All-Inclusive Resort Survival Guide

I’m literally writing this blog as I am on my way home from my trip to Mexico. My husband and I were finally able to take a few days, just us, which we have not done in 4 years due to our hectic lifestyles.

During our stay at an all-inclusive resort, there were some things that I picked up on and felt would be great topics to point out to each of you reading.


Dress Code:

It all starts with packing appropriately. A lot of all-inclusive resorts require a certain “dress code” for you to attend dinner at their restaurants. “Casual” meant Men could wear shorts and flip flops with a nice shirt. “Formal” meant Men needed to wear long pants (yes jeans were fine) and closed toed shoes. Nope, not sandals! Most men had on nice loafers to match the beach scene and some even wore nicer tennis shoes. Men also were required to wear a collared shirt with the formal attire. Both “Casual” and “Formal” for Women mentioned nice pants, skirts or dresses. For casual, I did see ladies in dressy shorts and tops with cute wedges.


*Here’s my cute hubby and I heading to dinner! This was “Formal” attire.*



Don’t forget to pack your passport! Boy, that would be make for a bad day at the airport. Also, if you’ve never been out of the country, the flight attendants will give you a customs form to fill out. Make sure you do this before you land. You will then be guided through customs. There, you will hand them your passport with the customs form and they will likely ask you why you are visiting, business or pleasure. You will answer a few simple questions and go about your way. When you reach the last attendant, they will tear off a section of your customs form and hand it back to you. Hang on to this as you will need it again when boarding your plane to come home.



The thing people love about all-inclusive resorts is that everything is included; room, food, alcohol, drinks, shows, etc. The resorts paperwork mentioned that gratuity was included in what was already paid. However, our first day at the resort, I noticed people leaving tips on the table after meals. Now of course we tipped our driver to and from the resort and the bellman, but we did not plan on tipping after meals because it was mentioned multiple times that tips were included. Needless to say, once I figured this out I spent the next day trying to track down each server we had so I could tip them. It was easier said than done and I felt awful. Here is my suggestion for tipping and up to you if you choose to go along with my now “resort tipping method”: $5-$20 for the driver who drove you to and from the resort (amount would depend if you rode in a van or shuttle with others or private car), $5 for bellman, $5 for maid service each day, $3-5 for each meal (I’m sure you’ll want to tip more because they will give great service) and $1 for each time you get a drink from the bartender or the person going around and taking your drink order. Now that you’ve read all of this, yes it can add up, so certainly plan your budget accordingly and bring enough cash. You can easily spend $20 a day just in tips. Whether you choose to tip or not, you will always receive friendly service.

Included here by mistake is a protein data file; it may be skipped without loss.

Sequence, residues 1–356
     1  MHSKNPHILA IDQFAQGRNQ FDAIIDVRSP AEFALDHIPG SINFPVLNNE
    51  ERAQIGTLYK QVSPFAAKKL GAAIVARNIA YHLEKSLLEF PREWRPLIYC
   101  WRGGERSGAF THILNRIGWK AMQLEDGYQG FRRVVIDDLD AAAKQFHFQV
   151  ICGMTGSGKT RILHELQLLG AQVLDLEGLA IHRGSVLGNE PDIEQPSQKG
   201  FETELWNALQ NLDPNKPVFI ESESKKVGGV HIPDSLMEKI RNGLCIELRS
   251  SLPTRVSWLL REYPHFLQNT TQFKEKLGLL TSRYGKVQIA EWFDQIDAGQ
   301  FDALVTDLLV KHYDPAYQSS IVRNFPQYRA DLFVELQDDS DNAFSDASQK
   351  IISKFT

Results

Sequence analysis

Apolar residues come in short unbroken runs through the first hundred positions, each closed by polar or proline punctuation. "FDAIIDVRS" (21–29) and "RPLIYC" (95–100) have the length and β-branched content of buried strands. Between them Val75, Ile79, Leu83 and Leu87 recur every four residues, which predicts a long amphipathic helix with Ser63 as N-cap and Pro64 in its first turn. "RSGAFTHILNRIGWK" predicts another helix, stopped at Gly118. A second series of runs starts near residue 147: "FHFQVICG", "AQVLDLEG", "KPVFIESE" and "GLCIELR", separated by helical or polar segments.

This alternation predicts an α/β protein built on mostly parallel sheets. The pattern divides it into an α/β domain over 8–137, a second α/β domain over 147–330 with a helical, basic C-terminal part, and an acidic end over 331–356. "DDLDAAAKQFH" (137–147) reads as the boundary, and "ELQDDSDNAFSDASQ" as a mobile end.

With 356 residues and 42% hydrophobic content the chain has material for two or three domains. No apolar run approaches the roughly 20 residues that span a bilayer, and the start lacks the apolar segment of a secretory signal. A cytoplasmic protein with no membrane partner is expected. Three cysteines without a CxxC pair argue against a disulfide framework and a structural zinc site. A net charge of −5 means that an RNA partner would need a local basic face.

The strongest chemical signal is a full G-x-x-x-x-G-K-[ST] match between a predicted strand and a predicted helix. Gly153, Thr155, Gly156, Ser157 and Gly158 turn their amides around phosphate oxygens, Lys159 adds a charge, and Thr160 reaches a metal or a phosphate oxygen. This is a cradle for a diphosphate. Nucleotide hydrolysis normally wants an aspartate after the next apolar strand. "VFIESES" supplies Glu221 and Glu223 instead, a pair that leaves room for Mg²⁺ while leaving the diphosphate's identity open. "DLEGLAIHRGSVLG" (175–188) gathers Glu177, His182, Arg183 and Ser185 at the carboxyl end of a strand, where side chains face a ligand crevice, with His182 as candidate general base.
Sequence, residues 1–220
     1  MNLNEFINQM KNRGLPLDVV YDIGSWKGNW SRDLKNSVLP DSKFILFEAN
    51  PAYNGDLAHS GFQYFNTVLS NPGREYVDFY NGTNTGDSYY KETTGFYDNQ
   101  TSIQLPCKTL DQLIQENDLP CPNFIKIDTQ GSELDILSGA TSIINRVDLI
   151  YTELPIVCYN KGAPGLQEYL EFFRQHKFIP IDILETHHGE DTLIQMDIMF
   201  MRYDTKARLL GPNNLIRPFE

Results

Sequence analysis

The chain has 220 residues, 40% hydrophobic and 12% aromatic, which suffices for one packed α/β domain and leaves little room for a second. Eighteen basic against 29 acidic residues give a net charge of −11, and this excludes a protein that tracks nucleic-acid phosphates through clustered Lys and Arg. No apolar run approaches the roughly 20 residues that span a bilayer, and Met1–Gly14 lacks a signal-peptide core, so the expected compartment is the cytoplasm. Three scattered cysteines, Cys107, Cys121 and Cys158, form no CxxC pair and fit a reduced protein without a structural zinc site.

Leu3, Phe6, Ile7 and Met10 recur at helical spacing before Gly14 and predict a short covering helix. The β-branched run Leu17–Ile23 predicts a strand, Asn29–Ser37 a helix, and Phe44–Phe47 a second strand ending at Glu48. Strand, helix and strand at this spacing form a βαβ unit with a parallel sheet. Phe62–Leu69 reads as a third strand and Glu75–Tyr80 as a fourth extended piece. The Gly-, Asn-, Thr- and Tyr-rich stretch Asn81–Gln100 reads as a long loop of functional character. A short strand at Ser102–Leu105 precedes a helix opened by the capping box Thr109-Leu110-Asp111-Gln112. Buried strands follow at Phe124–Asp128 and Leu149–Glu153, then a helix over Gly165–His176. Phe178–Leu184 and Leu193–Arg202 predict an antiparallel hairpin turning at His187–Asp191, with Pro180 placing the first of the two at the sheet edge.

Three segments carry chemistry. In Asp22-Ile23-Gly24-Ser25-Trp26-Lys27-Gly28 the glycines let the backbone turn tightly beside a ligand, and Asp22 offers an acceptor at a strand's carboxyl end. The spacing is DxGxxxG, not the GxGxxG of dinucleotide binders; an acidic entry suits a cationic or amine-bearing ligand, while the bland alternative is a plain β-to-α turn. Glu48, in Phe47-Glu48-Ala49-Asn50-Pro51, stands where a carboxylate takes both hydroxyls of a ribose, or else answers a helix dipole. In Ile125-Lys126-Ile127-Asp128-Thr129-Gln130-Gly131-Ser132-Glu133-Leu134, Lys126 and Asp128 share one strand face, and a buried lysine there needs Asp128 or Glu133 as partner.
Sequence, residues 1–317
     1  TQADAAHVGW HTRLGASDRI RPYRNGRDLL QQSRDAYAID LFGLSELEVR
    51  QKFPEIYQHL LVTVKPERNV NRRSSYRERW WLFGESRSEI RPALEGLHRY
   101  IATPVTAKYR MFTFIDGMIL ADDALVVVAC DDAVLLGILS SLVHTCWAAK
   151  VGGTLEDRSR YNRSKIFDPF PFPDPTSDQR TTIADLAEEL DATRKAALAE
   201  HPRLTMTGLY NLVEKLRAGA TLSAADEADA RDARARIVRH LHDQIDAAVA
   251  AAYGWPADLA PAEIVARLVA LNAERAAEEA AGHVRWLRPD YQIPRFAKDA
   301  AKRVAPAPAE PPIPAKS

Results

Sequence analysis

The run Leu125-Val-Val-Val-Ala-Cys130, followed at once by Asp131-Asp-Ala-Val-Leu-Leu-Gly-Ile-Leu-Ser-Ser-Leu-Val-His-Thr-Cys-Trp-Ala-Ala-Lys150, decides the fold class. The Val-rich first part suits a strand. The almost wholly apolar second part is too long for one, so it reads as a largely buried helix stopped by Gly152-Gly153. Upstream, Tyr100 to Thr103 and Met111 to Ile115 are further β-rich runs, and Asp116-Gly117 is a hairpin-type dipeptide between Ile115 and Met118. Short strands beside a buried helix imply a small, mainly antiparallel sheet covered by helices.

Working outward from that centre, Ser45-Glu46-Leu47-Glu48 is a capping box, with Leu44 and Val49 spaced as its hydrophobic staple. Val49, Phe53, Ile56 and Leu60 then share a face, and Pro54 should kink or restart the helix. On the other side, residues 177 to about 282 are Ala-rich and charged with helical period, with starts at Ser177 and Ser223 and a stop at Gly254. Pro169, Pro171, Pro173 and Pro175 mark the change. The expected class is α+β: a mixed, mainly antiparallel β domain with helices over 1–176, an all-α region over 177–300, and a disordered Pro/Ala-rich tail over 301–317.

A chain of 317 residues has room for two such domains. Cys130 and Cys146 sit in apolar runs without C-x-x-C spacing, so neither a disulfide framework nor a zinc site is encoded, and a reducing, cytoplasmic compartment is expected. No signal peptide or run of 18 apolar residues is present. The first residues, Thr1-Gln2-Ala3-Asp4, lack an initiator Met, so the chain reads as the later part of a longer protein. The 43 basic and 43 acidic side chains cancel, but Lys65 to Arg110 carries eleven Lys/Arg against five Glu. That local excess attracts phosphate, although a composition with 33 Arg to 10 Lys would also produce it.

The cool thing is you can choose to be as busy as you’d like. This trip we decided to hang around the resort and relax. There are always excursions you can sign up to do during your stay. We did partake in a few things going on around the resort. I went to an hour class on how to make towel animals and yes I look forward to surprising my house guests with my new talents!


*My chick and swan I made!*


We took a bike tour where we rode out of the resort and around the golf course where we held parrots and saw spider monkeys, plus burned some calories.

*Me talking to the parrot and my husband telling me to look at the camera! Yes I think I’m an animal whisperer. 🙂 Also pictured is, Albert the Monkey, eating lunch!*


Our favorite was the tequila tasting! We tried 6 or 7 tequilas (who’s counting?!) and learned about the history of tequila, how it is grown from a plant called Agave Tequilana, the cooking method to make tequila and how it’s aged. The longest tequila typically ages is around 4 years.


*This is the Agave Tequilana plant- they cut the pineapple looking bottom off and cook it in a big oven. Once it’s cooked the juices will be filtered, extracted, fermented, then distilled twice, which makes silver tequila. Then it can be sent to barrels to begin aging which makes the darker tequilas.*


In your travels, I encourage you to talk to the locals and get to know them. They are eager to teach you their language, culture and history, which I’m always fascinated to learn more about. Also, try to disconnect from the hustle and bustle of life if you can, to be present and spend time with the person you’re vacationing with. On our trip, my husband, whom I’ve been with almost 9 years (including dating and marriage) learned that I am one heck of an air hockey player (thank you skate nights as a kid) and that I know a decent amount of Spanish, which I even sang along with our driver who was taking us to the airport to a Spanish song! You never know the new things you’ll learn about the person that you thought you had figured out….



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